- freeimages.comKansas State University has received a three-year, $1.6 million grant to develop a better understanding of the wheat genome.
The National Science Foundation’s Plant Genome Program has awarded researchers at Kansas State University a three-year, $1.6 million grant to develop a better understanding of the wheat genome.
The project, “GPF-PG: Genome Structure and Diversity of Wheat and Its Wild Relatives," will focus on ways to improve the current wheat genome assembly by using genetic information.
Kansas Wheat supports the project, which also will partner with the Kansas Foundation for Ag in the Classroom.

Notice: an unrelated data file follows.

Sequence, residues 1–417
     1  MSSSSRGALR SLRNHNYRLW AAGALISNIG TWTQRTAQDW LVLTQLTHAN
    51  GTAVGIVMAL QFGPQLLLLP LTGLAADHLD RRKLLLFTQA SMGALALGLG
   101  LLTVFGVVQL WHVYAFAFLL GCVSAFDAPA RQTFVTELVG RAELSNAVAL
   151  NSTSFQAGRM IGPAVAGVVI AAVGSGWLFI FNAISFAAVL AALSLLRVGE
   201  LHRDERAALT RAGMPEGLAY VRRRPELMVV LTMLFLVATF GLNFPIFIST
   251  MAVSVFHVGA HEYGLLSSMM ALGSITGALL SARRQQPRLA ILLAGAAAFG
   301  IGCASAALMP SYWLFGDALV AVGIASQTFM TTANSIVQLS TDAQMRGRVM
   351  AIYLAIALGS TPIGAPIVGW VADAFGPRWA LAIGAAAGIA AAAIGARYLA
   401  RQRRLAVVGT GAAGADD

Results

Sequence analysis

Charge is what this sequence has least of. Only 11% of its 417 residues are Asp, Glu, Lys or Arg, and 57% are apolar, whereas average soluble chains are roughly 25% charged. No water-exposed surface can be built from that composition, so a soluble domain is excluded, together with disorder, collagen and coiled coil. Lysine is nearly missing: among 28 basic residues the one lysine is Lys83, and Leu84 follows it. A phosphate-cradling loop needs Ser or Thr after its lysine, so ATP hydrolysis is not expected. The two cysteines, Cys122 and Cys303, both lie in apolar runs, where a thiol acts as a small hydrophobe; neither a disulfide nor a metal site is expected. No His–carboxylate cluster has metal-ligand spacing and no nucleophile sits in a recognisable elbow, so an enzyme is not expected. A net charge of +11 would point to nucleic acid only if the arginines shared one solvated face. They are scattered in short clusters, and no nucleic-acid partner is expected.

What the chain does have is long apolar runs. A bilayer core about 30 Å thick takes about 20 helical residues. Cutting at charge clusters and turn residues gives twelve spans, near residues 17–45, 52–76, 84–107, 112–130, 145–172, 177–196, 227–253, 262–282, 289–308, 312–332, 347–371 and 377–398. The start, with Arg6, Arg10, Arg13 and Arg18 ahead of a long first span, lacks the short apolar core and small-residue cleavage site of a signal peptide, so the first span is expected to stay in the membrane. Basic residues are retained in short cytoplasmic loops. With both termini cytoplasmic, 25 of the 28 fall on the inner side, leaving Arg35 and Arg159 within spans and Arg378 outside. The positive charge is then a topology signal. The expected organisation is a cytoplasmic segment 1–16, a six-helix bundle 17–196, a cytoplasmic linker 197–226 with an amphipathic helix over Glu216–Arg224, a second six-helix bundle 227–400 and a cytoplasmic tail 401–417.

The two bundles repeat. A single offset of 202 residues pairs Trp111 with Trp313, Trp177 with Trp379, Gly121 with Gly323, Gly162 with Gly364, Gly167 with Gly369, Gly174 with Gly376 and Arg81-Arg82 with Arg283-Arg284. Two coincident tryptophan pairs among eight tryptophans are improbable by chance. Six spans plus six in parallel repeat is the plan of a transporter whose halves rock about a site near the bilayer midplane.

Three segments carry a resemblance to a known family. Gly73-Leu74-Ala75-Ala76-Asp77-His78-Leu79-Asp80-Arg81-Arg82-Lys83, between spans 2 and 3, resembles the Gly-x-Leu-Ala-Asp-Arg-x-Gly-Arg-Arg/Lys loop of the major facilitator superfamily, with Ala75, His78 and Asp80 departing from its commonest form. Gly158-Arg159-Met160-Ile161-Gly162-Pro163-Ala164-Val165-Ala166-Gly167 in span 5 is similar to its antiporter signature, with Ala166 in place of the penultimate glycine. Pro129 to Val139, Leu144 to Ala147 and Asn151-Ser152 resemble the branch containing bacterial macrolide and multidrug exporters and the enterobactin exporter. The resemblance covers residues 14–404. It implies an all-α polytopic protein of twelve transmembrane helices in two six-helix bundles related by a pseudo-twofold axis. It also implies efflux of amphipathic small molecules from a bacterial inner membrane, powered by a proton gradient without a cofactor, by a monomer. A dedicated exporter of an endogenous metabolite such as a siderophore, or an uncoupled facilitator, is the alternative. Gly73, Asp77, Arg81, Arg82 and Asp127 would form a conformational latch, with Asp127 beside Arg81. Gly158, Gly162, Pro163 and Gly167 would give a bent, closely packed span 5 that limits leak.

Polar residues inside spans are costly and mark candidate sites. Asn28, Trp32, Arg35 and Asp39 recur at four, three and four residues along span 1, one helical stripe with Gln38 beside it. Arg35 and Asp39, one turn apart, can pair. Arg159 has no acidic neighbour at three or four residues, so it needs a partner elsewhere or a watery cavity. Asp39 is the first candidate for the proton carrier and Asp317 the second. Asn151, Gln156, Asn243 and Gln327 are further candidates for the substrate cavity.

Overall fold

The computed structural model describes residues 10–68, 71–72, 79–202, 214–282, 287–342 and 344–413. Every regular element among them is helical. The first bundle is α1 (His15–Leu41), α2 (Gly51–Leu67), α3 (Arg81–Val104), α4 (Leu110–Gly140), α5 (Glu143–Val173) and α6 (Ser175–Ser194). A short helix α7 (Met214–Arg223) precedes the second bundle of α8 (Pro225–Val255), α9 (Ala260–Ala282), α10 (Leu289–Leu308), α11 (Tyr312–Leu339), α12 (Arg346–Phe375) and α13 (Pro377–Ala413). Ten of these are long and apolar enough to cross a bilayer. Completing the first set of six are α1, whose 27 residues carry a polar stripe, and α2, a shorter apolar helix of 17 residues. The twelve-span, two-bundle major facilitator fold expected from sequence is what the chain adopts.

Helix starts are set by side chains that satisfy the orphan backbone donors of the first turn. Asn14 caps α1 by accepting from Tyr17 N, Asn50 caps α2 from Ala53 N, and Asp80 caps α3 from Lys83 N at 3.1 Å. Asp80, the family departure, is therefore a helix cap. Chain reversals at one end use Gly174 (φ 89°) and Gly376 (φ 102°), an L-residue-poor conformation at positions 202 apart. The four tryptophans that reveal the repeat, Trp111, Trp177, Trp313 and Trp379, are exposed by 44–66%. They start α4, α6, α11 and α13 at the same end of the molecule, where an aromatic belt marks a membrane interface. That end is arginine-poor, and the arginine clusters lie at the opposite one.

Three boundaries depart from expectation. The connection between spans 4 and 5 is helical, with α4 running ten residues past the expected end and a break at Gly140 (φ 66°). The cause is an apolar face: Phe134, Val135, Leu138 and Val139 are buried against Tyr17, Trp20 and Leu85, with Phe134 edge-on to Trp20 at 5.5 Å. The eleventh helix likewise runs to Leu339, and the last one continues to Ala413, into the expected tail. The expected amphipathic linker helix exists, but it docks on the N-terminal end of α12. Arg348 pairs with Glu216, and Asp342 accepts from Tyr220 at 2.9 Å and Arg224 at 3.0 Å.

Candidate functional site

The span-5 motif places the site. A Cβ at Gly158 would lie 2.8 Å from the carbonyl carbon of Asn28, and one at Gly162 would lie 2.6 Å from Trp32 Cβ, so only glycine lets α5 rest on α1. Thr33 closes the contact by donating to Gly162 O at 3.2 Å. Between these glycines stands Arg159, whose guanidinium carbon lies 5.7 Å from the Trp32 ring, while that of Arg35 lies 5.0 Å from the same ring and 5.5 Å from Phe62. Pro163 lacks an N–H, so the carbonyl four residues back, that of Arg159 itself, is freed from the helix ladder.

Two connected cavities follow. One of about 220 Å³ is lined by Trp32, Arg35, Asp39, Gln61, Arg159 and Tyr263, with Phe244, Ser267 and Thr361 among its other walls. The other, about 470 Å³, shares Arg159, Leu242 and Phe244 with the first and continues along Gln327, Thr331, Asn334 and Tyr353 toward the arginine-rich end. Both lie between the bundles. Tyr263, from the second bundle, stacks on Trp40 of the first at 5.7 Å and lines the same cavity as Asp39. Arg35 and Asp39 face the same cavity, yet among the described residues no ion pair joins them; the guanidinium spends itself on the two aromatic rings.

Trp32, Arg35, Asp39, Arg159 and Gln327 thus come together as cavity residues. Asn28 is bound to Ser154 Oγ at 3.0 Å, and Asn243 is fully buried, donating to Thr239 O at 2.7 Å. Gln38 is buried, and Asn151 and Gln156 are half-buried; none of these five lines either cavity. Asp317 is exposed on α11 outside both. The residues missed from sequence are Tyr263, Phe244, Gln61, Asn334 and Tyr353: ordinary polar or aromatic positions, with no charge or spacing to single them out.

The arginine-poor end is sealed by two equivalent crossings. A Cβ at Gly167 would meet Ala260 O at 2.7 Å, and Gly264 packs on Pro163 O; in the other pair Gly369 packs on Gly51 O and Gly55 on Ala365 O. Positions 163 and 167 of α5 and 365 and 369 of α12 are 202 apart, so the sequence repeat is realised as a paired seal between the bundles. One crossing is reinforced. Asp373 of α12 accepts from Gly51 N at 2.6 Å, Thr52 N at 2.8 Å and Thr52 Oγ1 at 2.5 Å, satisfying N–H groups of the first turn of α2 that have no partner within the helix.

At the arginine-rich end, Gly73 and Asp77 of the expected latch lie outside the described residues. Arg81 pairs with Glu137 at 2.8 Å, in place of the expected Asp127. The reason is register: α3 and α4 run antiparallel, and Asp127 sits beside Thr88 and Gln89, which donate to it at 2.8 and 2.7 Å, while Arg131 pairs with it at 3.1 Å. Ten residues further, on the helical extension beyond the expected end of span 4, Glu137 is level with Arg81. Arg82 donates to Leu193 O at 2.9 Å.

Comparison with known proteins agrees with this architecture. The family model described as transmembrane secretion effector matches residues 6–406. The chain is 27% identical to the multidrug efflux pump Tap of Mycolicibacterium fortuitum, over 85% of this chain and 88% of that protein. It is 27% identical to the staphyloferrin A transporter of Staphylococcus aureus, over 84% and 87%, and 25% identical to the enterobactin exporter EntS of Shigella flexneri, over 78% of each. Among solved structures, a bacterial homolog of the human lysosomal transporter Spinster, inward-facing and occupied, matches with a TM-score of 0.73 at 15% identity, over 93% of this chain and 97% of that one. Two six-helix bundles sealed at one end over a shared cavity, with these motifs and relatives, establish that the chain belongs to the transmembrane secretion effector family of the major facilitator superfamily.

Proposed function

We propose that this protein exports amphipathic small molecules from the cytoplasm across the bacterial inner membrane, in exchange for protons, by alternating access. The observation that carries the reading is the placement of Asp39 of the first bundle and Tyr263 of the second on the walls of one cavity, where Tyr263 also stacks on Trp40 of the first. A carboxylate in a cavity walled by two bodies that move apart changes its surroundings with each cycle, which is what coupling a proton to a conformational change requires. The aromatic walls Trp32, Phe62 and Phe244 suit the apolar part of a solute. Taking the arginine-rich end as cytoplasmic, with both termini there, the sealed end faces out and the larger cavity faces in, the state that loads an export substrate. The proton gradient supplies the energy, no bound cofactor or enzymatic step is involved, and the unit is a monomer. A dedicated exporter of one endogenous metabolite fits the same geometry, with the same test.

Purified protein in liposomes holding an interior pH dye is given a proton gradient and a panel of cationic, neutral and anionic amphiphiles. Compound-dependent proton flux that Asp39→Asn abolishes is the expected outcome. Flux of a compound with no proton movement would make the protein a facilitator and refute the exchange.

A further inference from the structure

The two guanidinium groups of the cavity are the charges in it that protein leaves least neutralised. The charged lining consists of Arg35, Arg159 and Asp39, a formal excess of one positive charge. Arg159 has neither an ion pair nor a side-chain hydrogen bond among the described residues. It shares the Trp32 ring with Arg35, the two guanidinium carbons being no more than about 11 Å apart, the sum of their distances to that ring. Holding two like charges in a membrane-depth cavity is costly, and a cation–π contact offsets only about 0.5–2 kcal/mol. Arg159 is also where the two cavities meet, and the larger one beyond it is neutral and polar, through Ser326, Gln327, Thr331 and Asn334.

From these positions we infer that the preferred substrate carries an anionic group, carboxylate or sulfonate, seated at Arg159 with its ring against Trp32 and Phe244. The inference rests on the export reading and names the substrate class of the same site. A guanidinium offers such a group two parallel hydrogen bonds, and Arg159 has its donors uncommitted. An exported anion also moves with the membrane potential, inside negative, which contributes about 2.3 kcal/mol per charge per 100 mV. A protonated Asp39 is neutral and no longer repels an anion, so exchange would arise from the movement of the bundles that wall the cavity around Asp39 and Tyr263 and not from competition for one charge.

In July, NRGene said it had mapped the complete Emmer wheat genome in one month, significantly accelerating global research into crop improvement.
“The repercussions of the mapping will be felt around the world,” said Assaf Distelfeld, PhD, of Tel Aviv University (TAU), a renowned wheat geneticist and the primary researcher on the project. “Scientists will now be able to identify key genes in the Emmer wheat and introduce them into commercial wheat via classical breeding, creating hardier varieties across environmental conditions, ultimately increasing the global food supply.”
The combination of Distelfeld’s work and NRGene’s DeNovoMAGICTM assembler has created long genome sequences (N90>1 million bp) covering 90 percent of the genome and anchored to an ultra-dense genetic map of Emmer wheat, producing a genome map equivalent of four human genomes or 30 rice genomes. DeNovoMAGICTM delivers accurate, high quality de novo assembly of reference genomes for any crop or organism, quickly and cost effectively.